Evan Nabavian is younger than Willie the Kid, but doesn’t feel the need to brag about it.
The 70s and 80s begat drug dealers. They were ambitious and greedy and impulsive and their connects sold them grams upon grams. And they toasted foreign liqueurs to their success. And they rode coups through the city with hoes that were not their wives. And the hoes answered their every beck and call. And when corners were disputed, they blasted chrome at one another. And at police officers. And at snitches. And their hollow points struck flesh and bone, woman and child and answered the maw of the concrete with gallons of blood. And they went to jail. And they made bail. And they died. And they rapped.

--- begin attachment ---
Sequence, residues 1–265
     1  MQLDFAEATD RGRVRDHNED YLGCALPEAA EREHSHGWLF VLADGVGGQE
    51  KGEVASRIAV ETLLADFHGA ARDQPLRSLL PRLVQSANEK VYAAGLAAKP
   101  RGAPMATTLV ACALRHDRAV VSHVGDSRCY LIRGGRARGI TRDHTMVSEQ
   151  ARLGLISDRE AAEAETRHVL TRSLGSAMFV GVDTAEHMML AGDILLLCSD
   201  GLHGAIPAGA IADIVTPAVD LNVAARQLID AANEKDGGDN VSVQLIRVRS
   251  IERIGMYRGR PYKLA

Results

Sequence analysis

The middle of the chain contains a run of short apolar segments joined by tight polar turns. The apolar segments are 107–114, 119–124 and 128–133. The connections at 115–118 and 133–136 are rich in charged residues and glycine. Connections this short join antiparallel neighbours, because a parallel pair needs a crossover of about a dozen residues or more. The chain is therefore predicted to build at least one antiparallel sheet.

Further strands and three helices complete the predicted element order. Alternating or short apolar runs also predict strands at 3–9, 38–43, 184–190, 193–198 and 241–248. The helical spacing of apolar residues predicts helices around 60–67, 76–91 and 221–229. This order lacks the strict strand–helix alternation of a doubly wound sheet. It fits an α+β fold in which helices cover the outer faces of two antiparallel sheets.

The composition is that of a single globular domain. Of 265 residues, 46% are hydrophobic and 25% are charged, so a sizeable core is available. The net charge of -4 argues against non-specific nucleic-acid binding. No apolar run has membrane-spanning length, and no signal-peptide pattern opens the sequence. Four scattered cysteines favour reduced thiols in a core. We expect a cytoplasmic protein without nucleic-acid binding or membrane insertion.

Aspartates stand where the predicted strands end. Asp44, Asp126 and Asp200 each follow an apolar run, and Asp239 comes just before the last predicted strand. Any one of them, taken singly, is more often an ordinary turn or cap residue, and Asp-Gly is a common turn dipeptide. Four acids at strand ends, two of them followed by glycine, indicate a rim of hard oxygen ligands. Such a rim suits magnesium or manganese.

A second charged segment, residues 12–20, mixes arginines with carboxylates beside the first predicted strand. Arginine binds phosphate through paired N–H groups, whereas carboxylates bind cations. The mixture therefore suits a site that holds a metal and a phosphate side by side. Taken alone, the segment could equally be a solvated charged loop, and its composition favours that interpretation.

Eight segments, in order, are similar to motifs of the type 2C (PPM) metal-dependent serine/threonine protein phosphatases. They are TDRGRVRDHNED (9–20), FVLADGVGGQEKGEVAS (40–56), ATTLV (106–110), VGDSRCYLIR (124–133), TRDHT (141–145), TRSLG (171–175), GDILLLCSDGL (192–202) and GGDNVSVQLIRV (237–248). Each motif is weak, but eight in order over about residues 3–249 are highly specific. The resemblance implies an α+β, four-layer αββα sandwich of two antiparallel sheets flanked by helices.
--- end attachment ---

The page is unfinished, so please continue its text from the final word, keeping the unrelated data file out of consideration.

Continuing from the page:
Willie the Kid and friends romanticize petty drug dealing on “Broadway Alley,” or maybe it’s just the strings talking. Havoc would tip his hat. The dramatic beat invites the suited up mafioso approach, but they walk the line between Pyrex pots and black roses. One of the reasons why Willie the Kid hasn’t stood out more is that he avoids the extremes of coke rap – cutthroat desperation and obscene luxury – but he’s good at what he does. No narrative, just carefully chopped and bagged phrases.